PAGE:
In Tennessee Williams CAT ON A HOT TIN ROOF Big Daddy is dying but he doesn’t know it yet. It is his birthday. Big Mama is in the dark. Brick is at the bottom of a bottle. But Brick’s wife Maggie is alive, desperately alive, and dancing like a cat on a hot tin roof. We meet the fabled family when lies are rife, tensions are boiling over and their future is at stake.
Kip Williams production serves Williams’ epic drama well. He leads a great creative team who dynamically set up the world for the actors to work in, and they respond by giving strong performances.
Hugo Weaving has a darkly masculine energy as the formidable, imposing Big Daddy. Weaving makes his first appearance at the very tail of Act 1. Big Daddy is the patriarch of the family who everyone lies in fear of. He has had a health scare and thought that his reign might be over but the results seem to be positive so he is back being the boss again. The main thing that he wants is to get Brick’s (his favourite son) life back on track again. Big Daddy and Brick have one hell of an extended, prolonged scene together with sparks flying back and forth.Continue reading CAT ON A HOT TIN ROOF : SEARING DRAMA @ ROSLYN PACKER THEATRE→
All the good scriptwriting theory says that conflict is always at the heart of every good drama. Let it be said that there was plenty of conflict and heat in this production. This play explores one of history’s great rivalries. A battle of wits, blood and broken hearts, reinvented for the stage – the iconic tale of Mary, Queen of Scots and Elizabeth 1 of England.
Following an uprising, Mary has fled Scotland, gone to England and has been imprisoned by her cousin, Queen Elizabeth. The Queen her Imprisoned because Mary is younger, more beloved, and has her own claim to the throne.
Theatremakers are often adventurous people. They try to come up with a new slants, new approaches to their subjects, to make the theatrical experience brighter, bolder and more interesting. One has to admire their risk taking, their courage, though the results of this experimentation can be quite varied.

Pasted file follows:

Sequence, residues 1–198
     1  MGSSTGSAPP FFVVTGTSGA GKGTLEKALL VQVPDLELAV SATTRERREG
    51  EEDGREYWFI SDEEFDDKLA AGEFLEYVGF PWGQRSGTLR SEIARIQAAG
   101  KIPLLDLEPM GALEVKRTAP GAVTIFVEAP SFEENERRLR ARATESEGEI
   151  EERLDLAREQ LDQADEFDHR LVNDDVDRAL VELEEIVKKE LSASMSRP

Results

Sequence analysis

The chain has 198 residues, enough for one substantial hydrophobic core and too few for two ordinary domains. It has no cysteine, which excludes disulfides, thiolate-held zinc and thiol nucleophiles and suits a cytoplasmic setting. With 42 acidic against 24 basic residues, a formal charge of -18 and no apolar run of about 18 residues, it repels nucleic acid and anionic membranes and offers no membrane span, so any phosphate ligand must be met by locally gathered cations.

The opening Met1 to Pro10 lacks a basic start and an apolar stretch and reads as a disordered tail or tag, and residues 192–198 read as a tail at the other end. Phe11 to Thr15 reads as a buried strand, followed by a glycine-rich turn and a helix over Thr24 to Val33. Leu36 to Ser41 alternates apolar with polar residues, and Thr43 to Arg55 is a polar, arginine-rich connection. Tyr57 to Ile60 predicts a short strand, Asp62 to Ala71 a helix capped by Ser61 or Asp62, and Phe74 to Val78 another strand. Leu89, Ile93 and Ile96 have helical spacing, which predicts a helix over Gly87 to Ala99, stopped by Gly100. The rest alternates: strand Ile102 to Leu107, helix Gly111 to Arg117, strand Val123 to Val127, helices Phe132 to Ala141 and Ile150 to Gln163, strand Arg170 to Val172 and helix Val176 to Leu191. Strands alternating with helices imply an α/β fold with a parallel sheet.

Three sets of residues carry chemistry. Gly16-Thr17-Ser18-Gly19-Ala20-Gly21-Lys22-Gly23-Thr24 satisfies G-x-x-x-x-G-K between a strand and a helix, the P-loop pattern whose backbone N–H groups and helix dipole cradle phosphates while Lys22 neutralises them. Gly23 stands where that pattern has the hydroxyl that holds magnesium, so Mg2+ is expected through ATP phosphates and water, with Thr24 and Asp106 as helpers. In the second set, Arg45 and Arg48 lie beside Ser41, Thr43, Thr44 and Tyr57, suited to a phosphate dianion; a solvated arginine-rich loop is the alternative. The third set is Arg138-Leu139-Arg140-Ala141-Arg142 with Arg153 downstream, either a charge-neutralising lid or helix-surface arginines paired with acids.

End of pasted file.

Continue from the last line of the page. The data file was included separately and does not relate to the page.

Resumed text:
For his new play SEVENTEEN, Matthew Whittet has chosen a subject that, over time, has been popular for dramatists to explore, the experiences of young people on the verge/the cusp of adulthood. Through the play we follow the adventures/experiences of a group of teenagers as they celebrate their first night of freedom after twelve long years of schooling. A lot ‘goes down’ before the sun rises. Continue reading Seventeen @ Belvoir Street→
Merry is not quite the word for A CHRISTMAS CAROL playing during the Festive Season at Belvoir. The show is definitely Christmassy, definitely snowy, but it is the faithfulness to the original text which gives the show its dimension. Modernised in places and with Australian accents, the production retains the Dickensian darkness to give a depth of thought to stay with you after the flurry has melted away.
Ebenezer Scrooge (Robert Menzies) is hunched over a large ledger when the audience enters the space. Bob Cratchit (Steve Rodgers) is working faithfully beside him. After an uncomfortable visit from his nephew Fred (Eden Falk), Scrooge reluctantly closes up for the day and heads home to his bed as Bob joyfully heads home to his family. It is at 1 am, in bed, that Scrooge encounters the tortured ghost of his dead business partner, Marley (Peter Carroll).
Rest will not come easy to Scrooge on this Christmas Eve. He will be visited by Christmas Past, Christmas Present and Christmas Future. These apparitions bring him back to the love of humanity he knew as a small boy. In this way, will he avoid the fate of his dead partner? Continue reading A Christmas Carol @ Belvoir→
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